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Uncoupled O2-activation in the human HIF-asparaginyl hydroxylase, FIH, does not produce reactive oxygen species.


ABSTRACT: The factor inhibiting HIF (FIH) is one of the primary oxygen sensors in human cells, controlling gene expression by hydroxylating the ?-subunit of the hypoxia inducible transcription factor (HIF). As FIH is an alpha-ketoglutarate dependent non-heme iron dioxygenase, oxygen activation is thought to precede substrate hydroxylation. The coupling between oxygen activation and substrate hydroxylation was hypothesized to be very tight, in order for FIH to fulfill its function as a regulatory enzyme. Coupling was investigated by looking for reactive oxygen species production during turnover. We used alkylsulfatase (AtsK), a metabolic bacterial enzyme with a related mechanism and similar turnover frequency, for comparison, and tested both FIH and AtsK for H(2)O(2), O(2)(-) and OH formation under steady and substrate-depleted conditions. Coupling ratios were determined by comparing the ratio of substrate consumed to product formed. We found that AtsK reacted with O(2) on the seconds timescale in the absence of prime substrate, and uncoupled during turnover to produce H(2)O(2); neither O(2)(-) nor OH were detected. In contrast, FIH was unreactive toward O(2) on the minutes timescale in the absence of prime substrate, and tightly coupled during steady-state turnover; we were unable to detect any reactive oxygen species produced by FIH. We also investigated the inactivation mechanisms of these enzymes and found that AtsK likely inactivated due to deoligomerizion, whereas FIH inactivated by slow autohydroxylation. Autohydroxylated FIH could not be reactivated by dithiothreitol (DTT) nor ascorbate, suggesting that autohydroxylation is likely to be irreversible under physiological conditions.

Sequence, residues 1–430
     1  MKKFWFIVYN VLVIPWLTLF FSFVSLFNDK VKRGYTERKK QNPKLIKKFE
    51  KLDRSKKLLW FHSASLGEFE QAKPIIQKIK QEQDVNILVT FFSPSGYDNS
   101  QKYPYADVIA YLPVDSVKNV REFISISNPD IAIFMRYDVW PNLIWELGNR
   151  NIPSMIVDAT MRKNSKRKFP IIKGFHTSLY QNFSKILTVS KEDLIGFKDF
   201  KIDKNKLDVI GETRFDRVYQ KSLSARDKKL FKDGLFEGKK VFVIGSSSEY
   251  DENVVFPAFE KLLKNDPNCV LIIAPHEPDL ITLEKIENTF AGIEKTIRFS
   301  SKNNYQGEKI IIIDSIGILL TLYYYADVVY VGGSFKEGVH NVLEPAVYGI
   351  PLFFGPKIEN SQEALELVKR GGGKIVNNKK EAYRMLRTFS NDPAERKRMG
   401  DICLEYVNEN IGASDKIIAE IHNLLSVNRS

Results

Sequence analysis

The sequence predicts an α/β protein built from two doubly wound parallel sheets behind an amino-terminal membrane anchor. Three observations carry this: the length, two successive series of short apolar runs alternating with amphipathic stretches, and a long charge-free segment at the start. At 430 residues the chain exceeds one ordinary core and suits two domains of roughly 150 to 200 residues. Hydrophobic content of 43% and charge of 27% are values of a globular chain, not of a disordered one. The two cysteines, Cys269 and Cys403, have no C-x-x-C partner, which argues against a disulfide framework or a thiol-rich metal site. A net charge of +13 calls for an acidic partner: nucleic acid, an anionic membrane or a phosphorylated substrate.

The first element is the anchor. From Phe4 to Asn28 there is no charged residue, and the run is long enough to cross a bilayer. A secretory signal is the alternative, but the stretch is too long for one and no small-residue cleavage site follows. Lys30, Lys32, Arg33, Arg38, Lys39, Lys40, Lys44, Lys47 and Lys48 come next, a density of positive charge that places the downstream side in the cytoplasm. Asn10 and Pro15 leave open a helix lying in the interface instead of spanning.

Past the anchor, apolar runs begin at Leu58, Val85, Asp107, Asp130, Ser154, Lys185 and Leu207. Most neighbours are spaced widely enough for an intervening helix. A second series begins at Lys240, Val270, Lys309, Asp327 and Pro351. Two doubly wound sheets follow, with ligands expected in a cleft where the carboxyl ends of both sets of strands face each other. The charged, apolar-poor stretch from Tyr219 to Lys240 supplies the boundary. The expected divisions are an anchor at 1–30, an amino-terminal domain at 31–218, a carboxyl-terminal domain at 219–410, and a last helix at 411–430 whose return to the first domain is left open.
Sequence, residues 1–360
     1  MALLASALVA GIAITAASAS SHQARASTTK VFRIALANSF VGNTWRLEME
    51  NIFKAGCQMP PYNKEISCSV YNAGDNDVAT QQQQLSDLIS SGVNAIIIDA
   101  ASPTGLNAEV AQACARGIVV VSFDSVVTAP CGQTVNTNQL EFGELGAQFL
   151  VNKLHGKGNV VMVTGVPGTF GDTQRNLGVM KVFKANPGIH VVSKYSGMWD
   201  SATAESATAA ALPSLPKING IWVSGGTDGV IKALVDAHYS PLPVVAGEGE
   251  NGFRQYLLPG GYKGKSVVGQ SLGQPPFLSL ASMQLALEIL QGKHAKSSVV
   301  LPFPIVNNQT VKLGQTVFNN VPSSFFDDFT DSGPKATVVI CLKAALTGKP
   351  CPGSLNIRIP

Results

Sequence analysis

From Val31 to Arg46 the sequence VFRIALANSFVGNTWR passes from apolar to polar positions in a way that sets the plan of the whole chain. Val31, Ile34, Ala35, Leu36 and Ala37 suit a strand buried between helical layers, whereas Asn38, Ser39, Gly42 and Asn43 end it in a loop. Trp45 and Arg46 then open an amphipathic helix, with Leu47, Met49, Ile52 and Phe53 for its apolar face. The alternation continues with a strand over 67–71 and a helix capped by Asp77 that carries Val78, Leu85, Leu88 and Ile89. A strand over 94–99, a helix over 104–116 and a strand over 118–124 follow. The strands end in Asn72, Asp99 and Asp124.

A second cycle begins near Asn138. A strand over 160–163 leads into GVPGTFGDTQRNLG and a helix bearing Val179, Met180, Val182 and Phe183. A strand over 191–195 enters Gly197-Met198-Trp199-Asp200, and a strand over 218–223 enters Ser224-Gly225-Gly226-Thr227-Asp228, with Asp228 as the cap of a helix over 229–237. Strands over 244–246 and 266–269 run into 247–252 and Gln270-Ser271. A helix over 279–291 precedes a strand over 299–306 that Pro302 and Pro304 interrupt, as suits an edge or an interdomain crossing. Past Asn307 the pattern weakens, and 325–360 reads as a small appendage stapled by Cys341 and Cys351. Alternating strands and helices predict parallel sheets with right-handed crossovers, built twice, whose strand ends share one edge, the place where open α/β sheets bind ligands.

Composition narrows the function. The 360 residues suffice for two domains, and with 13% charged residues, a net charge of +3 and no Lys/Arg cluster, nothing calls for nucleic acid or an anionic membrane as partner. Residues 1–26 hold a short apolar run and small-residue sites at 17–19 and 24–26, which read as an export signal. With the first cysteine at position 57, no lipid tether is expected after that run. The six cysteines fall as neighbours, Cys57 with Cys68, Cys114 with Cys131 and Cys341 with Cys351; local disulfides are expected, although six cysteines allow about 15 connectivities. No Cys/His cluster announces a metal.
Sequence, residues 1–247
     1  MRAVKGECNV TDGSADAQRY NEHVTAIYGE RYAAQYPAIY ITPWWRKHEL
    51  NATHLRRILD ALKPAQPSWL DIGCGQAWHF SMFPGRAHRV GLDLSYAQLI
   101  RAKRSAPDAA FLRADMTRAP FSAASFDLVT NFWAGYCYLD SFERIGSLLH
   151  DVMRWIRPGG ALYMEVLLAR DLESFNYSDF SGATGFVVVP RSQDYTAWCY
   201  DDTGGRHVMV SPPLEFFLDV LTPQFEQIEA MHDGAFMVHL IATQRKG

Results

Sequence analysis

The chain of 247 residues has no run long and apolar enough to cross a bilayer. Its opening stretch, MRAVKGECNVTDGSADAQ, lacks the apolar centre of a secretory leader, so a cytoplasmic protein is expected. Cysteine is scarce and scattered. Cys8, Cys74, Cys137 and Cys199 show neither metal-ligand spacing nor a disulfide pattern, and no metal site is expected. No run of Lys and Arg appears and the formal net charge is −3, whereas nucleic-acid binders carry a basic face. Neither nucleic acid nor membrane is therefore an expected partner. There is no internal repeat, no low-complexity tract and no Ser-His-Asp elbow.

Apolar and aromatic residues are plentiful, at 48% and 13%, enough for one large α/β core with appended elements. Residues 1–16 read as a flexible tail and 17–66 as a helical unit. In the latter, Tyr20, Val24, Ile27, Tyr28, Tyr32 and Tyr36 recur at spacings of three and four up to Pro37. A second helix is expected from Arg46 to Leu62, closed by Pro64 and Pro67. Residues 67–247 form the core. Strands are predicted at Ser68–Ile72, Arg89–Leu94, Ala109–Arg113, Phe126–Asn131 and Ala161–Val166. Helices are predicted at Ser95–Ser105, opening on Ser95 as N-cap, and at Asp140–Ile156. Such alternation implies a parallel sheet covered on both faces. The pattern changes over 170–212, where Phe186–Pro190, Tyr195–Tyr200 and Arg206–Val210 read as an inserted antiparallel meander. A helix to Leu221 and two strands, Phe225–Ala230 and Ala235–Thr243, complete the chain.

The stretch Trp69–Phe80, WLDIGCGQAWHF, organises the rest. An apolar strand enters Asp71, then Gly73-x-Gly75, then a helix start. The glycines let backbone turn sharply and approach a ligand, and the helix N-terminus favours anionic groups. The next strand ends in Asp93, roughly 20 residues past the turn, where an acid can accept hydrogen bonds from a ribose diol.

SUBMITTER: Saban E 

PROVIDER: S-EPMC3081918 | BioStudies | 2011-01-01

REPOSITORIES: biostudies

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